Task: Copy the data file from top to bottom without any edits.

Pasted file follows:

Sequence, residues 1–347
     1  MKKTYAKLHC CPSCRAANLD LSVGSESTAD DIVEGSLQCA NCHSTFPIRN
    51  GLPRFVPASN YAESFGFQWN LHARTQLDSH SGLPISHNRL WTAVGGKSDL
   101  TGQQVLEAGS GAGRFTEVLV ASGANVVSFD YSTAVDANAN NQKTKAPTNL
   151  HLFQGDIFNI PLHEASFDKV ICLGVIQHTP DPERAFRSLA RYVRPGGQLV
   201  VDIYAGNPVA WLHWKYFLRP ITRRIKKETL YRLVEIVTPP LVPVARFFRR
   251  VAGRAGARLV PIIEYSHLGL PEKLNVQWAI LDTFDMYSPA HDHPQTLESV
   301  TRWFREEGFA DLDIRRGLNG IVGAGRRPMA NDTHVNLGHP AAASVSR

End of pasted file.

Sequence, residues 1–347
     1  MKKTYAKLHC CPSCRAANLD LSVGSESTAD DIVEGSLQCA NCHSTFPIRN
    51  GLPRFVPASN YAESFGFQWN LHARTQLDSH SGLPISHNRL WTAVGGKSDL
   101  TGQQVLEAGS GAGRFTEVLV ASGANVVSFD YSTAVDANAN NQKTKAPTNL
   151  HLFQGDIFNI PLHEASFDKV ICLGVIQHTP DPERAFRSLA RYVRPGGQLV
   201  VDIYAGNPVA WLHWKYFLRP ITRRIKKETL YRLVEIVTPP LVPVARFFRR
   251  VAGRAGARLV PIIEYSHLGL PEKLNVQWAI LDTFDMYSPA HDHPQTLESV
   301  TRWFREEGFA DLDIRRGLNG IVGAGRRPMA NDTHVNLGHP AAASVSR